God Is Called "Father"
"After this manner therefore pray ye: Our Father which art in heaven, hallowed be thy name." (Matthew 6:9)
One of the best ways to get to know God is to learn the different names that describe Him. Each of His names describes something about Who He is and what He does. One of the most often-used names of God in the Bible is the name Father. What is a father? What is a father like? Why might it be important that God is called a father? How should I think about a fatherly God?
To be a father, you have to have children. Usually a father lives with the children he helped bring into the world. Some fathers are fathers because they have adopted a child. If a husband and wife adopt a child, it means they go and get a child who does not have parents for some reason, and they take him into their home. An adoptive father treats his adopted child the same way he would treat a biological child.
A father is responsible to take care of his children. He provides them with food, clothes, a place to live, things they need, and maybe even some things they just want. He does that because he loves his children and wants to see them healthy and happy. No human father could ever be a perfect father, but most human fathers try at least to be good fathers. A good father teaches his children right from wrong, and he helps them to do what is right. Sometimes he has to discipline his children for doing wrong. Have you ever been disciplined by your father for doing wrong? If so, it was because he loves you and wants the best for you. A father also helps his children make the right choices. He hugs his children and tells them he loves them. He is there to comfort his children when they are hurt or are sad, or when they have a bad day.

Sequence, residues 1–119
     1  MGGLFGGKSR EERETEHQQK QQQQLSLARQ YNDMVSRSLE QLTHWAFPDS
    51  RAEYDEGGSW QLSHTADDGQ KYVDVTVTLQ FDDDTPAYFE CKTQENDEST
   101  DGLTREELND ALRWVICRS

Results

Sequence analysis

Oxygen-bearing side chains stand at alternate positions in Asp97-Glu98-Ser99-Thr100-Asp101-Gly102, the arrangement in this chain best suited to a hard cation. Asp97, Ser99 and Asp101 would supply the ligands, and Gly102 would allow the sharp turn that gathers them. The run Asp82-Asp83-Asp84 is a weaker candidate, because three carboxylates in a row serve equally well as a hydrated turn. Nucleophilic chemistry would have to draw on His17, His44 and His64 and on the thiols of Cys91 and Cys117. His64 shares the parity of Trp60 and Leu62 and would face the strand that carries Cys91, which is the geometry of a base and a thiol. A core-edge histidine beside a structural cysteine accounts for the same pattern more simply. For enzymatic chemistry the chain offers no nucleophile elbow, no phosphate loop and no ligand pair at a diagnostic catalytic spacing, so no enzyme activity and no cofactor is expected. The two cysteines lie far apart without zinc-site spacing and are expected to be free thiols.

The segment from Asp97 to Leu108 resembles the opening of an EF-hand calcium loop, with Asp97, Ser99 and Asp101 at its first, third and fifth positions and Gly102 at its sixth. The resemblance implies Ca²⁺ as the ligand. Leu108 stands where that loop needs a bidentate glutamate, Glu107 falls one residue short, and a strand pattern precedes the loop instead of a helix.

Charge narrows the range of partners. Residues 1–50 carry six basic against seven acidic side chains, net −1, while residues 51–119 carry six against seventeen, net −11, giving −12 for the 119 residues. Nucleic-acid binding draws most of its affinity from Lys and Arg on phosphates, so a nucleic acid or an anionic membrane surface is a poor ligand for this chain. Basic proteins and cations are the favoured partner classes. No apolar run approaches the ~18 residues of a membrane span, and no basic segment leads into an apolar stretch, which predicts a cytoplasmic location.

God is a father, too. He has many, many children. His children are those who have turned away from their sin and are trusting in Him. He is everybody’s God and everybody's Creator, because He created everyone, and it is because of Him that everyone has breath and life. But He is known as "Father" only to those who trust in Him, His adopted children. If we are God's adopted children, it means God brought us into His family just like a human father adopts a child and brings him into his family. If we have trusted Jesus Christ as our Savior, Jesus is like an "older brother" to us. He has gone before us and made it possible for us to have father-child relationships with God.
God adopts children into His family because He loves them and wants the best for them. Because He loves us, He provides food and houses and air and every good thing in our lives. He teaches us right from wrong by giving us His Word. He helps us to under-stand His Word by His Holy Spirit and the parents and teachers He gives us. He also disciplines us when we do wrong because He knows doing wrong will hurt us. In these ways – through His Word and through the things He gives us – He reminds us that He loves us. And He is always there to comfort us when we get hurt or have a bad day.